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Tax-time Strategies for 20- and 30-Somethings

Finally, a benefit to being broke.

So, what should 20-30 somethings be concerned with when it comes to taxes?

"One of the biggest issues I've encountered in dealing with Millennials relates to tax withholding," says Abbott. "It's very common for Millennials to have multiple jobs. Frequently they assume that if they have three jobs and are paid as an employee at each job, their employers will withhold the proper amount of tax. What they don't realize is that each employer will withhold the proper amount of tax for that job. The employee needs to be aware that they need to carefully review their income and withholding in aggregate -- either on their own or with a tax advisor -- to ensure there are no surprises at the end of each year."

This issue seems to be increasing more and more as it is much more common for Millennials to have several jobs, instead of the one job that previous generations have had.

According to our experts, here are the five biggest tax breaks Gen Y filers might be missing:

  • Deduct charitable contributions: Millennials are known for their benevolent world-view: volunteering at a local soup kitchen, or helping out now and then with Habitat for Humanity. You can write-off out-of-pocket expenses related to your charity work - and even small amounts add up. "For those who are able to itemize deductions, charitable contribution tracking is one item that is overlooked by Gen Y," says Mary Beth Storjohann, a Certified Financial Planner - and Millennial -- in San Diego. "If they're donating cash, clothing, or any other type of possessions, receipts and proof of donations should be kept in a file or stored online in order to reference for tax deductions." If your contribution totals more than $250 to one organization, you'll need an acknowledgement from the charity documenting your donation. Vehicle expenses count, too. You can deduct 14 cents per mile, plus parking and tolls paid in your charitable travels.
  • Deduct job-search expenses: "If you're spending money in a search for a new job in the same occupation that you have now and the total cost of your expenses exceeds 2% of your Adjusted Gross Income, you may be able to deduct the amount that exceeds the 2% limit," adds Storjohann. "This means you should keep track of what you pay for employment agency fees, resume preparation and mailing, phone calls, and in some cases, travel and transportation expenses." And you can take this deduction even if you didn't land a new job. Think Adjusted Gross Income is just plain gross? Find a qualified tax advisor for help.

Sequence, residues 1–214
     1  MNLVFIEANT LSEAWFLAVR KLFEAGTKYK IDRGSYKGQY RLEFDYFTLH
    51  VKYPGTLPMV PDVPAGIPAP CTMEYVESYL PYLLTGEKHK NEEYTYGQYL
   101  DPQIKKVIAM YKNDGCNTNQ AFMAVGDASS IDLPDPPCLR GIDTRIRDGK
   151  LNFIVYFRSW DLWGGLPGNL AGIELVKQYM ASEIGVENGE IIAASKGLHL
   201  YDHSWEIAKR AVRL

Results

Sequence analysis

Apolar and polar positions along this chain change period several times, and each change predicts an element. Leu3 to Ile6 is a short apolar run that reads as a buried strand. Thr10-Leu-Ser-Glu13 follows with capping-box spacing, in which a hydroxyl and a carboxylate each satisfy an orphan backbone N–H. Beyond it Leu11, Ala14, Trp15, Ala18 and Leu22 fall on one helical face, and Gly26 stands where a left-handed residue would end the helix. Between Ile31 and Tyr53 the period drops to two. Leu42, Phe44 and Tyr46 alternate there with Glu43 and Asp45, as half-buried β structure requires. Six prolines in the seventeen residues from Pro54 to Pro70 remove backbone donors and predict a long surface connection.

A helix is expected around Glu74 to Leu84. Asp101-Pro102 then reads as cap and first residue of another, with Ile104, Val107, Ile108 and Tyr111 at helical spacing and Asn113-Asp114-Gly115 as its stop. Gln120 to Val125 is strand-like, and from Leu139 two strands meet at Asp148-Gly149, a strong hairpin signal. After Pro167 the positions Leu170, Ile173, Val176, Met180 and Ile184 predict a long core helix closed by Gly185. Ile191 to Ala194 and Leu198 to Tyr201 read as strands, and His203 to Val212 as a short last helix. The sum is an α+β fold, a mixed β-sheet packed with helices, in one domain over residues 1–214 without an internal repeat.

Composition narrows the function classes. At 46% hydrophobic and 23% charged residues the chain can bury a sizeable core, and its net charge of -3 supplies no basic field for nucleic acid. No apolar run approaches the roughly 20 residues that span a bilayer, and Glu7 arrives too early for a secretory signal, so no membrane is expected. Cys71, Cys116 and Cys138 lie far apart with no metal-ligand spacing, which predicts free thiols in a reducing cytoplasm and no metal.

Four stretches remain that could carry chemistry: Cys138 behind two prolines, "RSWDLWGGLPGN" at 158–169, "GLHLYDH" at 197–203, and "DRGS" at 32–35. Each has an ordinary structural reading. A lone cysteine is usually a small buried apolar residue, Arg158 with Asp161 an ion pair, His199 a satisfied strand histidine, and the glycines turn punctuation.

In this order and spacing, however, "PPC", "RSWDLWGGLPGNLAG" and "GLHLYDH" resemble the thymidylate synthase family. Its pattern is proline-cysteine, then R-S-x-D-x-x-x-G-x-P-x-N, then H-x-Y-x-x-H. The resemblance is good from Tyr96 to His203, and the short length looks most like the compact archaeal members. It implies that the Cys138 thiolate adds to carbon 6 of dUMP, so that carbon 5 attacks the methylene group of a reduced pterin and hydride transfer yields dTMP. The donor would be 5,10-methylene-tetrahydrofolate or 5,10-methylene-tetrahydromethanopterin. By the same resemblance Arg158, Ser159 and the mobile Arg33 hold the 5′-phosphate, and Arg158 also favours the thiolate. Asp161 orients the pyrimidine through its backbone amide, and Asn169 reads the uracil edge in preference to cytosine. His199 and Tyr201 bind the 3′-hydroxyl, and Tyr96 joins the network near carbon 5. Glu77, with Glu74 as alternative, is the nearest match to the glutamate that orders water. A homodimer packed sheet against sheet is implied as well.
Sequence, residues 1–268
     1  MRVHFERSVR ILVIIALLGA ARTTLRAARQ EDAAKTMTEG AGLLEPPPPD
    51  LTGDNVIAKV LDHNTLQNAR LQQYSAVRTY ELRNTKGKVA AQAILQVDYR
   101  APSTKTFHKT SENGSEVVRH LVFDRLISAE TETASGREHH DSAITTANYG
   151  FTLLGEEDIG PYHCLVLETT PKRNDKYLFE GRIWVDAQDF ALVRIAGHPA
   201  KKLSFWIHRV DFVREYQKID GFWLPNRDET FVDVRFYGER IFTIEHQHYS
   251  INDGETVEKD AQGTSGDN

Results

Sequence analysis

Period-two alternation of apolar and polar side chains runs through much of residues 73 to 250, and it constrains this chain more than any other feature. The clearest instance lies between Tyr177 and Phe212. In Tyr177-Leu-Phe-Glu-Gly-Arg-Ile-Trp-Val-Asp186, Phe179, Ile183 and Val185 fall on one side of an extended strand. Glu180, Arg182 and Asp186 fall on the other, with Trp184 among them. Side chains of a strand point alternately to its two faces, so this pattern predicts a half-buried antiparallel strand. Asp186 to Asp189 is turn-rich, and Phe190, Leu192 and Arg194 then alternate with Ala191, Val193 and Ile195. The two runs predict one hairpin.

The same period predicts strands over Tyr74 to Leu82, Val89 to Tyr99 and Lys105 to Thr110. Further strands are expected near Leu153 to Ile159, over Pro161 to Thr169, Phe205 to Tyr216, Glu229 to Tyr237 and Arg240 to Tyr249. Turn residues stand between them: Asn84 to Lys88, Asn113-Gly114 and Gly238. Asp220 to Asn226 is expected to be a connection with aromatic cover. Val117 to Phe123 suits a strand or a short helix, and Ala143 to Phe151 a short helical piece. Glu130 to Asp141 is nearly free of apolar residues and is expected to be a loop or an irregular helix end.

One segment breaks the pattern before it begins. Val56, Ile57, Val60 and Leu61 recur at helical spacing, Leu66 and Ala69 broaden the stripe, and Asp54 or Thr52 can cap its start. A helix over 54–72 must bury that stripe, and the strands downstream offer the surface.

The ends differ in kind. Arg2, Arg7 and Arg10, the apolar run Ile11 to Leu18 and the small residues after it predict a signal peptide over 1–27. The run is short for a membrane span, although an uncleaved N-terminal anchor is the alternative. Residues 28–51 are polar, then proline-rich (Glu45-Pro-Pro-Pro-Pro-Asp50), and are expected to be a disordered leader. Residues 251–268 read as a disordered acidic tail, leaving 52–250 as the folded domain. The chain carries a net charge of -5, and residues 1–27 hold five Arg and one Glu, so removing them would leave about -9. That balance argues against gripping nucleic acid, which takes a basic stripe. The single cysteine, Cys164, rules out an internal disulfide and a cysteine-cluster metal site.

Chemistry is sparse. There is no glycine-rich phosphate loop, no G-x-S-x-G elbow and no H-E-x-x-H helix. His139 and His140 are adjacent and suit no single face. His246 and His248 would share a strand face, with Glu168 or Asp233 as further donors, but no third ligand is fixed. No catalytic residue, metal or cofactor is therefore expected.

• Deduct student loans: Here's a tax deduction you can take for something you don't even pay for. If your parents help out with your student loans, the IRS treats the money as if it was given to you, and then you made the payment. If they don't claim you as a dependent, you can deduct up to $2,500 of student-loan interest paid by your parents. And you don't even have to itemize to claim this deduction.
  • Take advantage of married life: "If you're newly married, moving expenses of one spouse into another's home are generally not tax deductible, but if both parties are forced to move because of a new job, then moving expenses are deductible," advises John-Paul Valdez, a financial expert in Palm Springs, Calif. and contributor to the advice website"Keep in mind that you are "married" for income tax purposes even if you were married as late as Dec 31, 2012," adds Valdez. "Going the married--filing-jointly route is to your benefit. Filing jointly means that you will be able to claim several credits, including the earned income credit, household/dependent care expense credit, adoption assistant credit and more."
  • File a return! "The biggest mistake any taxpayer, Gen Y or not, can make is not filing a return when they are required to file a return," Tim Abbot warns. So, fire up the coffee pot and get to work. April 15 is around the corner.
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